We enjoyed another lovely walk last week – along the abandoned railway line at Lower Largo. I counted more than thirty different types of wild flowers blooming on, and alongside, the path. Meadow Cranesbill was at its peak; but there were also plenty of Knapweed, thistles, wild roses, Scabious, Bird’s Foot Trefoil, Poppies, and countless others for which I don’t know the names. Hundreds of moths and butterflies were taking advantage of the bonanza to feed on the nectar – including the Six-Spotted Burnet Moth that loves the knapweed, while its caterpillars feast on Bird’s Foot Trefoil. The moth has glossy black wings with, as the name suggests, six spots. The pictures I’ve seen colour the spots red; but those we saw seemed more like fluorescent pink – dazzling! Our noses were treated to the scents of Meadowsweet and Rosa Rugosa. To one side of us we could hear the lapping of the waves on the shore, and on the other, the song of the skylark – though they were hard to spot against the bright blue sky.
And, of course, this abundant beauty exists on what would have been a scar on the landscape, when the railway line was removed as part of the Beeching Cuts of the 1960s. That prompted me to think of the way God heals the scars of sin in our own lives. Think of these lovely words from Psalm 40:2-3: ‘The Lord… lifted me out of the slimy pit, out of the mud and mire; he set my feet on a rock and gave me a firm place to stand. He put a new song in my mouth, a hymn of praise to our God. Many will see and fear and put their trust in the Lord.’ God’s grace transforms the ugly scars sin leaves on our lives. Consider the parable of the Lost Son we’ve been looking at recently on Sunday mornings. The young man who’d been living with pigs, and was so hungry he wanted to eat their food, must have been a terrible sight (and smell!) as he staggered home. Yet his father’s love transforms him in an instant: ‘Quick! Bring the best robe and put it on him. Put a ring on his finger and sandals on his feet.’ (Luke 15:22) And soon the rich aroma of roasting beef filled the air!
A missionary friend worked among the Quechua people of the highlands of Peru. Life in the Andes was very hard for them – particularly the women, who looked aged beyond their years. Yet when they discovered God’s love for them, and were enabled by the Holy Spirit to put their trust in Jesus, he said the years seemed to fall from their faces. God’s grace gave them hope, and joy, that transformed their lives. A novel we’re listening to at the moment describes how guilt over a specific crime aged a handsome man, leaving him ravaged. He knew nothing of God’s grace, and died a lonely death. But those whose hearts God opens to receive the good news about Jesus discover that His grace transforms their lives, bringing peace and joy alongside forgiveness.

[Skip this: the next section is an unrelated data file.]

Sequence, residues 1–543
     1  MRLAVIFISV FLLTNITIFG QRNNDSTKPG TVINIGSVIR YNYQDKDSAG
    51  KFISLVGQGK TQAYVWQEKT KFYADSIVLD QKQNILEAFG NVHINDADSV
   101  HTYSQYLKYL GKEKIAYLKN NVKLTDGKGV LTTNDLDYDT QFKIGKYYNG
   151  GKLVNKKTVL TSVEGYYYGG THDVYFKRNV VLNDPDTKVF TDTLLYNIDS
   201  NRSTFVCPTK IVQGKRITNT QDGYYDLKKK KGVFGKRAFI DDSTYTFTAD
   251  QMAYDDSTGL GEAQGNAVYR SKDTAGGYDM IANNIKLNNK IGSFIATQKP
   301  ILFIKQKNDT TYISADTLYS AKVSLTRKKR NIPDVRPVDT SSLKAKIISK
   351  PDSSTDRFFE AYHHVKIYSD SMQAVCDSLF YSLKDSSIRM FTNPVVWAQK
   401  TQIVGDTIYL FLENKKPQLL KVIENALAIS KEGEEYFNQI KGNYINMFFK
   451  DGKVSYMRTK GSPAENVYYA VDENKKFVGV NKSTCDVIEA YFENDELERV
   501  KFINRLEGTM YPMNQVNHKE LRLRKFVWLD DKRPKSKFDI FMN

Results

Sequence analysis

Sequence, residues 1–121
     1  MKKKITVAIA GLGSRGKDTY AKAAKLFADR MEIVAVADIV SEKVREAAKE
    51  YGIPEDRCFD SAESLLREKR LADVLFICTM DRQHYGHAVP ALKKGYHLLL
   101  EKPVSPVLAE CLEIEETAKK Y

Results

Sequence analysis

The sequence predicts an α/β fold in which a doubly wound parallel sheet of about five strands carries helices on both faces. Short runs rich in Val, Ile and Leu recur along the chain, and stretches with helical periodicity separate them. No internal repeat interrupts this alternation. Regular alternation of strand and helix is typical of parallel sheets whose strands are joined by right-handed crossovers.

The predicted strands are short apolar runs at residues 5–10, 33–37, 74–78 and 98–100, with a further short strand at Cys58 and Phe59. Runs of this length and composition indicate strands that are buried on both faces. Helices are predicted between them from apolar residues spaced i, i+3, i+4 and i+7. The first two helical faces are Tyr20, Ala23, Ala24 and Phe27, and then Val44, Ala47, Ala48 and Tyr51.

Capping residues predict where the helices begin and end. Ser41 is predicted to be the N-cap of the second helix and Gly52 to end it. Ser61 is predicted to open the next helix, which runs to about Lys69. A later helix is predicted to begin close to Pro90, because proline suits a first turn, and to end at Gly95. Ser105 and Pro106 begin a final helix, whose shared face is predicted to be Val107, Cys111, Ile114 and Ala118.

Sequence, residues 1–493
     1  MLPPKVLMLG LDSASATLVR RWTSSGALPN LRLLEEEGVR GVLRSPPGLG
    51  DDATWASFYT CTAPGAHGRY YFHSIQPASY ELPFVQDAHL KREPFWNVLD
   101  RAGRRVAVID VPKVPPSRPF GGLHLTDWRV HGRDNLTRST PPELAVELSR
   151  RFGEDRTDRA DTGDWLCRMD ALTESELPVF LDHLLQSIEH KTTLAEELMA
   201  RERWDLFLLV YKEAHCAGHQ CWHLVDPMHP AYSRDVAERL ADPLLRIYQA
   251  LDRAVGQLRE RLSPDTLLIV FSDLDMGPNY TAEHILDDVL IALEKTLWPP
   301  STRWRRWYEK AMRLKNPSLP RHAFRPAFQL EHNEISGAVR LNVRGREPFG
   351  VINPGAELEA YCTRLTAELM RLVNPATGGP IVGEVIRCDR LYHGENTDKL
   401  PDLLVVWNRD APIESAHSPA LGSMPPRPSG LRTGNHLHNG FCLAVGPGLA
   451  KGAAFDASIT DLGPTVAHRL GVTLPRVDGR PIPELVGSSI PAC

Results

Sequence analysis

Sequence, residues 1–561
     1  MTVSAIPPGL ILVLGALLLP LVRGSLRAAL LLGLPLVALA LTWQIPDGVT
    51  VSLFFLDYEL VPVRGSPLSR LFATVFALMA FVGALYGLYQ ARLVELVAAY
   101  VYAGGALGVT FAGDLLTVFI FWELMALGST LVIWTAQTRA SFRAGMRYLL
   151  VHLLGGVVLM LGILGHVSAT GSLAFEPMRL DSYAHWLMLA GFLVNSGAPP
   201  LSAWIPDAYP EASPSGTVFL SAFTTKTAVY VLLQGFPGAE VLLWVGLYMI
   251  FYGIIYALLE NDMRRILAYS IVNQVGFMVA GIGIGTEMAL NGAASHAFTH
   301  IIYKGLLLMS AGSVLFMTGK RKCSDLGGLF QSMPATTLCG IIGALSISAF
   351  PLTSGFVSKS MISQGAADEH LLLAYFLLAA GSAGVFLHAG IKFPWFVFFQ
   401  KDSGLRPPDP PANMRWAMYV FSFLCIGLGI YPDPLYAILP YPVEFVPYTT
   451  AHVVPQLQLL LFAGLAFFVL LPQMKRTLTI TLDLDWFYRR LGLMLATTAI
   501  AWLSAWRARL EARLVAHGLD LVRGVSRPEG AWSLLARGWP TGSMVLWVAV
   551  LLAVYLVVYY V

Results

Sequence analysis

The transformation of the railway line has been underway for nearly 60 years. Its beauty has grown gradually over time. We may come to faith in the Lord Jesus in an instant; but His work in our lives continues as we walk in step with Him day by day. The theological name for this is sanctification. Sometimes we shy away from it, thinking it might make us sanctimonious. But that’s a mistake. Sanctification is making us holy – and true holiness is beautiful (cf 1 Chronicles 16:29 NKJV). Holiness is becoming more like Jesus. Even the scars of the sins in our Christian life can be beautified by the Saviour’s grace. He doesn’t give up on us! As one of my favourite verses reminds us: God ‘who began a good work in you will carry it on to completion until the day of Christ Jesus’ (Philippians 1:6). Only when we see the Lord face to face will we realise fully how much He’s done to transform us into His image. But others may begin to notice the change before then. Dane Ortlund puts it perfectly in his book ‘Gentle and Lowly’ (p.22): ‘As we drink down the kindness of the heart of Christ… we leave in our wake, everywhere we go, the aroma of heaven…’ (Page 22)
Let’s not close our hearts to God’s transforming grace. Let’s allow Him to begin, or continue, His gracious work in our lives, today and every day, so that ‘many will see and fear and put their trust in the Lord.’